Whether or not fault comes into consideration in Virginia when determining spousal support depends on whether that support is temporary or permanent. Fault grounds for divorce in Virginia include adultery, desertion, conviction of a felony, cruelty, causing reasonable apprehension of bodily hurt, and desertion.
Temporary (pendent lite) Alimony
Temporary spousal support is generally granted when the parties separate, at a pendent lite hearing and then is ended when the divorce is finalized. Fault is never a factor when it comes to temporary spousal support. Only financial considerations may be considered at this stage. A juvenile and domestic relations district court (“JDR court”) may award temporary spousal support. A circuit court may also award this type of support.
Permanent Spousal Support
Only circuit courts have authority to award permanent spousal support pursuant to Virginia Code § 20-107.1. When determining whether to award support for a spouse this statute requires a circuit court to consider, “the circumstances and factors which contributed to the dissolution of the marriage, specifically including adultery and any other ground for divorce under the provisions of subdivision A (3) or (6) of § 20-91 or § 20-95.” Subdivision (3) is conviction of a felony subsequent to the marriage and subdivision (6) is cruelty or desertion. Adultery is treated differently from other fault grounds for divorce because “no permanent maintenance and support shall be awarded from any spouse if there exits in such spouse’s favor a ground of divorce under the provisions of subdivision A (1) of § 20-91,” which is divorce based on adultery. However, §20-107.1 provides that a divorce court may still make an award of permanent alimony, irrespective of adultery, “if the court determines from clear and convincing evidence, that a denial of support and maintenance would constitute a manifest injustice, based upon the respective degrees of fault during the marriage and the relative economic circumstances of the parties.” Thus, adultery is a bar to spousal support subject to the limited escape clause, and other fault grounds for divorce are to be considered by a circuit court in determining whether to award alimony at all.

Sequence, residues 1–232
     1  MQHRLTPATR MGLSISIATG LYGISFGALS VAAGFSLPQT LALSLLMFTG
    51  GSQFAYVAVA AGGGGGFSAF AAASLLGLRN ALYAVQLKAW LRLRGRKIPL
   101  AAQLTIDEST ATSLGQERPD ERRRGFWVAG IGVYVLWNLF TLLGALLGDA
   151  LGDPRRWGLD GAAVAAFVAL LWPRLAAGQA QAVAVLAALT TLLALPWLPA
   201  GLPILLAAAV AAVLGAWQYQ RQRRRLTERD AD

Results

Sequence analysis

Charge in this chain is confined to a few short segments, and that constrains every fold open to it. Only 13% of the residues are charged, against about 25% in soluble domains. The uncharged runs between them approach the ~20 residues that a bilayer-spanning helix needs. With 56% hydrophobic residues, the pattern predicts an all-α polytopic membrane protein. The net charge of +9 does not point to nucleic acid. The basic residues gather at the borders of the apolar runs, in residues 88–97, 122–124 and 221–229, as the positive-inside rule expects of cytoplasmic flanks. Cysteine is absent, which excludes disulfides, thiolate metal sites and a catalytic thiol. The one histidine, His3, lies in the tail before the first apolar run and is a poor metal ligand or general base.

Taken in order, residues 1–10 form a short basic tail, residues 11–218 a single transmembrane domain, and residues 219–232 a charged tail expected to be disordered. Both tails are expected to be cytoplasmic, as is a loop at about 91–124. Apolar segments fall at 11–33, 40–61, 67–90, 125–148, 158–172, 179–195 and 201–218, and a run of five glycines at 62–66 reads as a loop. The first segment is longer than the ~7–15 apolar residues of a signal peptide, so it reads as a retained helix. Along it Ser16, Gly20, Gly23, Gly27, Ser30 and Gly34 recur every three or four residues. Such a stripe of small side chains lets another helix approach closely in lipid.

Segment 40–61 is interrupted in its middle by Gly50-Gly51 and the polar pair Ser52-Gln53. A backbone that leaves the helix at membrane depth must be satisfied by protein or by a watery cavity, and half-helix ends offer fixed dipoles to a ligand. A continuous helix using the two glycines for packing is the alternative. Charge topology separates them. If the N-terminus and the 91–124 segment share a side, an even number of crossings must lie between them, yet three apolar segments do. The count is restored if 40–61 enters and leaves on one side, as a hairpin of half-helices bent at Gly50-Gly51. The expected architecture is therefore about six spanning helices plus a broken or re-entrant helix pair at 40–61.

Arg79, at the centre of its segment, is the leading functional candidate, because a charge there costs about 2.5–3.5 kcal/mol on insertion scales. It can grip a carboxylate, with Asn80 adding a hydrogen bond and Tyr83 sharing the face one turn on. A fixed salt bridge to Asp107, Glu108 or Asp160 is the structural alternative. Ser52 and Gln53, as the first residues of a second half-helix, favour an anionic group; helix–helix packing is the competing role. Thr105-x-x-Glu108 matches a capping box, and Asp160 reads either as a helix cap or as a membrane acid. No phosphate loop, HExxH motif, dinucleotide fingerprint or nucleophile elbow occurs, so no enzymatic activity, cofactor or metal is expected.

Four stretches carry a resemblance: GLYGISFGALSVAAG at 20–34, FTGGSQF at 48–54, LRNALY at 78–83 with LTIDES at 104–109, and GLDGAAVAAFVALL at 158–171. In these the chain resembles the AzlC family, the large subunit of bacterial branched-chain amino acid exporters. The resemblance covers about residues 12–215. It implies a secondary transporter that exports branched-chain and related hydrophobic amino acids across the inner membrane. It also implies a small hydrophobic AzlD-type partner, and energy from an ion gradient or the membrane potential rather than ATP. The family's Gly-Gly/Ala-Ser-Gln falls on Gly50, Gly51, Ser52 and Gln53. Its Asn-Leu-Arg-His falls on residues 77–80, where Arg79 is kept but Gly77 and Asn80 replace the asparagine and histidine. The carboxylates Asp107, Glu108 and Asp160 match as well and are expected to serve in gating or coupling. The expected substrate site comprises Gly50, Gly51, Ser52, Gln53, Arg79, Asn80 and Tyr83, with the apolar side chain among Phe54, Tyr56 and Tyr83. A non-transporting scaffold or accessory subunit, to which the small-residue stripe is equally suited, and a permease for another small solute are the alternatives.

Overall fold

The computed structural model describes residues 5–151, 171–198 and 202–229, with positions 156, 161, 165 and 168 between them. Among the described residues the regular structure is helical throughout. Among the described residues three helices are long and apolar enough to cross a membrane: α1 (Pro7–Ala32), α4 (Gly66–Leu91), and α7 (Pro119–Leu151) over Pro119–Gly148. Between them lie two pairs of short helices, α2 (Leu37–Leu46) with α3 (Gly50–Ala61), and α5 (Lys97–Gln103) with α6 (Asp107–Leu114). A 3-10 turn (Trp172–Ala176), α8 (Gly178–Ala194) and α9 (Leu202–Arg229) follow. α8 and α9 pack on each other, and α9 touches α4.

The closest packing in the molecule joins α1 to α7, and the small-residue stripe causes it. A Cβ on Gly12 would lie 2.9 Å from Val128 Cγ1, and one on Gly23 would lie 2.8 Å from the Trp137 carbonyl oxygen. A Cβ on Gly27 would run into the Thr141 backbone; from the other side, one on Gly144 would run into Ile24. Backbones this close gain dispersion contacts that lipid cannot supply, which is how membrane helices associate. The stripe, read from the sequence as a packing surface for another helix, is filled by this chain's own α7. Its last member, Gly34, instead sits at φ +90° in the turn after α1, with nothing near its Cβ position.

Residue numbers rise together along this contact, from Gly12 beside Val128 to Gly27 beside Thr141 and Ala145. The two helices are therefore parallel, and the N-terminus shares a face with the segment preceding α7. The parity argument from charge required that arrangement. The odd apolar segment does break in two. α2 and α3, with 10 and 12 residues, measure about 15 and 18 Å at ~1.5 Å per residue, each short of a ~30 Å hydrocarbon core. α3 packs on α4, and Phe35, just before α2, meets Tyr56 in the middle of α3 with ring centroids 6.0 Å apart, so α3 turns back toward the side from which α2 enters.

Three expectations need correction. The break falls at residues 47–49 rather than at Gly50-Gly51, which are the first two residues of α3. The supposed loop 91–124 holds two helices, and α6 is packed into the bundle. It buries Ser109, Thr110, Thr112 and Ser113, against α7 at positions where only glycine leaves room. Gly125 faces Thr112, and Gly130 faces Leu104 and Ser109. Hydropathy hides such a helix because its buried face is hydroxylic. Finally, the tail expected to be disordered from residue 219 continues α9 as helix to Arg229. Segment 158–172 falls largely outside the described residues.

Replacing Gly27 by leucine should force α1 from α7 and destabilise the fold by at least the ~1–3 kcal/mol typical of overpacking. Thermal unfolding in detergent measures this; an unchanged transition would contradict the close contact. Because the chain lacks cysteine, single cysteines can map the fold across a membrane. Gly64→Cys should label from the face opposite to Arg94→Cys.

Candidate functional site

Amount of Spousal Support
Virginia Code § 20-107.1(E) provides a list of factors that a court shall consider “in determining the nature, amount and duration of an award.” Factor number 13 provides the court with the statutory authority to consider marital fault in determining the amount of spousal support to be paid because it states, “such other factors, including the tax consequences to each party and the circumstances and factors that contributed to the dissolution, specifically including any ground for divorce, as are necessary to consider the equities between the parties” shall be considered. Thus, fault is a consideration for the trial court when determining not only whether to award alimony but also, once the court has determined that it will award alimony, it must consider fault in determining the amount.
Get a Fair Alimony Verdict
Having a good attorney can be the difference between a favorable or unfavorable alimony verdict. Whether you are to be the payor or payee the attorneys at Smith Strong will apply their knowledge and experience to advocate for a favorable verdict or settlement outcome. Please call (804) 325-1245 or (757) 941-4298 to schedule your first meeting.
Editorial Assistance By: Michael Gee - Law Clerk